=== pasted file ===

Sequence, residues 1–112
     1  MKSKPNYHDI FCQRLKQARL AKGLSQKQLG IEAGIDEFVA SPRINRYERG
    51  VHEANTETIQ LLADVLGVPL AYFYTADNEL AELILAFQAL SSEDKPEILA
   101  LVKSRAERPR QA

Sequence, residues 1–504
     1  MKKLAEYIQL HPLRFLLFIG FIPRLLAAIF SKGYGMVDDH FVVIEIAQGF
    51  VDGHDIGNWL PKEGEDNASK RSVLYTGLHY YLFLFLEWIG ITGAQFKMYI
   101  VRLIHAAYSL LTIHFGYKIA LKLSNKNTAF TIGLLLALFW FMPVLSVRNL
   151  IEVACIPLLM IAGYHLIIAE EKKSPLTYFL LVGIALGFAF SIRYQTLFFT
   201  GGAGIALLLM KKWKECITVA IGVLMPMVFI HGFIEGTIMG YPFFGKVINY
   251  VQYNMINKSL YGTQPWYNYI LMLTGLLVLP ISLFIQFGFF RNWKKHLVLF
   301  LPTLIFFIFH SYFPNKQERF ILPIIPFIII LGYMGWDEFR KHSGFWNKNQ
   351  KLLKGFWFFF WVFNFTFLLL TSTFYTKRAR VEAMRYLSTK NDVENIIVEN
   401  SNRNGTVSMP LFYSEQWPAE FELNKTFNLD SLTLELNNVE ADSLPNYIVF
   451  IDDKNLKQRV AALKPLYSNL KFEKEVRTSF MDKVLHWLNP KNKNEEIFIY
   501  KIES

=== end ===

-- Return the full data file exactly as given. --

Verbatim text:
Sequence, residues 1–112
     1  MKSKPNYHDI FCQRLKQARL AKGLSQKQLG IEAGIDEFVA SPRINRYERG
    51  VHEANTETIQ LLADVLGVPL AYFYTADNEL AELILAFQAL SSEDKPEILA
   101  LVKSRAERPR QA

Sequence, residues 1–504
     1  MKKLAEYIQL HPLRFLLFIG FIPRLLAAIF SKGYGMVDDH FVVIEIAQGF
    51  VDGHDIGNWL PKEGEDNASK RSVLYTGLHY YLFLFLEWIG ITGAQFKMYI
   101  VRLIHAAYSL LTIHFGYKIA LKLSNKNTAF TIGLLLALFW FMPVLSVRNL
   151  IEVACIPLLM IAGYHLIIAE EKKSPLTYFL LVGIALGFAF SIRYQTLFFT
   201  GGAGIALLLM KKWKECITVA IGVLMPMVFI HGFIEGTIMG YPFFGKVINY
   251  VQYNMINKSL YGTQPWYNYI LMLTGLLVLP ISLFIQFGFF RNWKKHLVLF
   301  LPTLIFFIFH SYFPNKQERF ILPIIPFIII LGYMGWDEFR KHSGFWNKNQ
   351  KLLKGFWFFF WVFNFTFLLL TSTFYTKRAR VEAMRYLSTK NDVENIIVEN
   401  SNRNGTVSMP LFYSEQWPAE FELNKTFNLD SLTLELNNVE ADSLPNYIVF
   451  IDDKNLKQRV AALKPLYSNL KFEKEVRTSF MDKVLHWLNP KNKNEEIFIY
   501  KIES